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Prevent Pain with the Right Operator Stool

Selecting a seating option that supports a neutral spine and promotes comfort will help dental hygienists reduce the ergonomic risks faced in clinical practice.

At its inception, dentistry was practiced in a standing position, similar to the way a barber cuts hair. This changed in the late 1950s when practitioners were encouraged to place their patients in supine positions and provide treatment while seated on early-model operator stools.1 The change from providing treatment while standing to sitting provided stability for clinicians’ upper extremities, but also exerted stress on the pelvis—resulting in constant pressure and strain on the lumbar spine due to frequent forward bending. Over time, this forward-bending motion may hinder the musculoskeletal health of the upper extremities and neck. Maintaining a neutral spine when seated is important, yet difficult to achieve. Selecting the right seating option is one way to mitigate the ergonomic challenges faced by dental hygienists in clinical practice every day.


Data reveal the stress of sitting can be reduced through the use of lumbar support, which assists in maintaining the lumbar lordosis.2,3 Additional research asserts that reclining is the optimal seating position4 in which to use lumbar support, with a trunk-thigh angle of 135°.5 This position, though ideal, cannot be utilized by oral health professionals whose work requires forward-leaning movements. However, sitting with the hips higher than the knees—thereby allowing a greater trunk-thigh angle—will help clinicians to safely maintain an upright seated posture.6

In addition, a slight downward tilt of the seat pan7 can help alleviate low-back pain induced by prolonged sitting.8 While this posture deviates from the 90° hip position learned by many dental hygienists, it is ergonomically compatible with the forward lean required in daily practice.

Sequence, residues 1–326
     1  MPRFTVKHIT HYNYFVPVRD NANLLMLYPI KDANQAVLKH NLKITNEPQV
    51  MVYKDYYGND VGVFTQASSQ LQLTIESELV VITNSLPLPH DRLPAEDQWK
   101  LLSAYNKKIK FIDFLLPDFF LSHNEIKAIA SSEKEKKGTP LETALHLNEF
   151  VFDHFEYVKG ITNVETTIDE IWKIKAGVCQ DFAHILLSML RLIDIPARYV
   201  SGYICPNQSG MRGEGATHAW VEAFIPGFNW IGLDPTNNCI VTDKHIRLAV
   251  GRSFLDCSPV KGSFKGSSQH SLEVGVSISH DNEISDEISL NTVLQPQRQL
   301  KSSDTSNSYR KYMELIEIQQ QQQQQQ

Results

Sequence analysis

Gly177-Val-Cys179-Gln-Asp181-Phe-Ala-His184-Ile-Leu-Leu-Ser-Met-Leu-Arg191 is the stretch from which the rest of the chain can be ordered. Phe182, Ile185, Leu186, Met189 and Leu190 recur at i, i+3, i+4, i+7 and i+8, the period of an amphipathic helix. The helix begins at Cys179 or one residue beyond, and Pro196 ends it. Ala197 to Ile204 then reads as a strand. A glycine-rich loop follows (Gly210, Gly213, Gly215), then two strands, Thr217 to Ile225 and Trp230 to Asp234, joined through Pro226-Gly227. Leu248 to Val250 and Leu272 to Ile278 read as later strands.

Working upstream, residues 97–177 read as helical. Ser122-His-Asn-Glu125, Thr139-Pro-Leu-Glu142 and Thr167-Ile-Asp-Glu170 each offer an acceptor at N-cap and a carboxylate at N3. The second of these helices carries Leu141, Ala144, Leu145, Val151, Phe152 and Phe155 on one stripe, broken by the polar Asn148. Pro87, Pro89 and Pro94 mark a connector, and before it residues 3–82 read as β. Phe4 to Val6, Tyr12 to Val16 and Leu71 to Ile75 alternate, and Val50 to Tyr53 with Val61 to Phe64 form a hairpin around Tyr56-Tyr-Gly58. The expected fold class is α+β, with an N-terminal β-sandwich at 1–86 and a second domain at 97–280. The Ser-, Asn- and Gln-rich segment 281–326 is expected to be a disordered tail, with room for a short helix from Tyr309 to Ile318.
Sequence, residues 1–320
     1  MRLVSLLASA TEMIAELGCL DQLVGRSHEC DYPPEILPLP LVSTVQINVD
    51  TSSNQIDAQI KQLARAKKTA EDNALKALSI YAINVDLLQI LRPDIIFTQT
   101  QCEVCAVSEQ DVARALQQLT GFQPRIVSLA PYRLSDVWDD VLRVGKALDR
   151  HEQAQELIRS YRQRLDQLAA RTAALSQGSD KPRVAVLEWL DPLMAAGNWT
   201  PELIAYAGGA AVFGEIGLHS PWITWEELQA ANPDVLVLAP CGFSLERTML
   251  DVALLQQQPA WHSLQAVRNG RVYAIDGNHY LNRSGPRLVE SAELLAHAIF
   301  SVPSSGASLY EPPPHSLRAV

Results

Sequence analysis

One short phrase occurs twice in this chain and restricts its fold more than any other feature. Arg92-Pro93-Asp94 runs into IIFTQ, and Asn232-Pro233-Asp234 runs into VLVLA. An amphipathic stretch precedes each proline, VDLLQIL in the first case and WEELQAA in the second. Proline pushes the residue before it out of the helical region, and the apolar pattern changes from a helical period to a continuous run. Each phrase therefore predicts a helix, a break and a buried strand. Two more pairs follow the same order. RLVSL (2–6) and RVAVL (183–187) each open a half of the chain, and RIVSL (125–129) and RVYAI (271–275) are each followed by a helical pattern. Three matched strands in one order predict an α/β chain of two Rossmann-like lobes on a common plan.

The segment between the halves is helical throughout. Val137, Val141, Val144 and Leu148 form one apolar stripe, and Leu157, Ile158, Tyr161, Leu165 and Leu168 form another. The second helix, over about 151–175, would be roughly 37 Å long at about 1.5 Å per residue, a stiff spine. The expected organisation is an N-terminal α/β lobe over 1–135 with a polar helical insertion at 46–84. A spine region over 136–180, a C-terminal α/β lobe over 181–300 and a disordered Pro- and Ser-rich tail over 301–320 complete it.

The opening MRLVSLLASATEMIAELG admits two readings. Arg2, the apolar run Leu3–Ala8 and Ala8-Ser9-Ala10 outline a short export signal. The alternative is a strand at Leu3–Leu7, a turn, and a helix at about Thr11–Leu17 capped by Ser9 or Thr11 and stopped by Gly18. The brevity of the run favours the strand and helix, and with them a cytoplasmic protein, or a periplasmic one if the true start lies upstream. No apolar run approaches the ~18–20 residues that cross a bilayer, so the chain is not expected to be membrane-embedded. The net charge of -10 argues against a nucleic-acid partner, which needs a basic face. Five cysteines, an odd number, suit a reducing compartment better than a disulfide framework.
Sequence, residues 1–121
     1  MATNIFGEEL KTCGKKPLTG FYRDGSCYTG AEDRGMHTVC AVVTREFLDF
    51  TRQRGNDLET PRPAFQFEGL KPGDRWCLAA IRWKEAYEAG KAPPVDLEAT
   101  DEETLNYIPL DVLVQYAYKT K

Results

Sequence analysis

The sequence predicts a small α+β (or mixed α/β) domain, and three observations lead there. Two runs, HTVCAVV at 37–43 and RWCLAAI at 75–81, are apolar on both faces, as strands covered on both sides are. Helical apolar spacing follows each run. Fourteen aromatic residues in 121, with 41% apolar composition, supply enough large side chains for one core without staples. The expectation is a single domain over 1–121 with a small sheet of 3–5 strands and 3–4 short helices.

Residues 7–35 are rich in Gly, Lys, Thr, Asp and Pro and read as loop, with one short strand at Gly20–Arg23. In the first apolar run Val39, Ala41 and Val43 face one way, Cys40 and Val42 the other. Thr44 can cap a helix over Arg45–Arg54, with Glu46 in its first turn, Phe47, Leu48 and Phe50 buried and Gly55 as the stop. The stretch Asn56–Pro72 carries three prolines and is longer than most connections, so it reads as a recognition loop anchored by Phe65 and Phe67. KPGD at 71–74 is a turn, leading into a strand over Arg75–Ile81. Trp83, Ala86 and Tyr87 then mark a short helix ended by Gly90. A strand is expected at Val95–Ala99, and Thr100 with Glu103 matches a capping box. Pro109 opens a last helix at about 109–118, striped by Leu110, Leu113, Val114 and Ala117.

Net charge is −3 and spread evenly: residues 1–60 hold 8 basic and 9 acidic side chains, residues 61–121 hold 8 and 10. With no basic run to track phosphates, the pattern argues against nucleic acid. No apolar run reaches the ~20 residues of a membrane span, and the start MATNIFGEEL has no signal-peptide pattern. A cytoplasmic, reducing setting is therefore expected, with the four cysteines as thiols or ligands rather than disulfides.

FIGURE 1. The most common type of operator stool is adjustable and includes a backrest and armrests. CROWN SEATING


Clinicians must focus on two key factors when choosing an operator stool: sitting posture and the influence of a chair’s design on physical stress.4 Clinicians should request a trial period from the manufacturer to thoroughly evaluate the stool they are considering before purchase. Stool design has a notable impact on physical health, and each individual has unique needs for a seating system.9 While the perfect stool may not exist, the right chair allows clinicians to provide care without experiencing discomfort or pain.10 



The most important criterion when choosing an operator stool is adjustability.9,11 Dental hygienists should feel confident adjusting their stools to suit their needs throughout the day. With multiple users often sharing one stool, it is essential that the seat be able to accommodate various body types, preferences, and tasks. Second, adequate padding on the seat pan will help reduce undue stress on the pelvis and thighs.6 Even with appropriate padding, the stool must be sized to fit the user. Seat pan size should adequately support most of the thigh without contacting the back of the knee.6 Finally, all stools should utilize five casters that are well-suited for the type of flooring found in the operatory in order to provide stability and ease of movement.6,11


The most commonly used operator stools are adjustable and include a backrest and armrests (Figure 1). The backrest should feature an adjustable lumbar support in both height and depth. Potential musculoskeletal pain can be prevented by assuring the stool is not too large for the operator and the backrest is adjusted close enough to provide support. A seat pan that slides back or a backrest that adjusts forward may be necessary for a proper fit.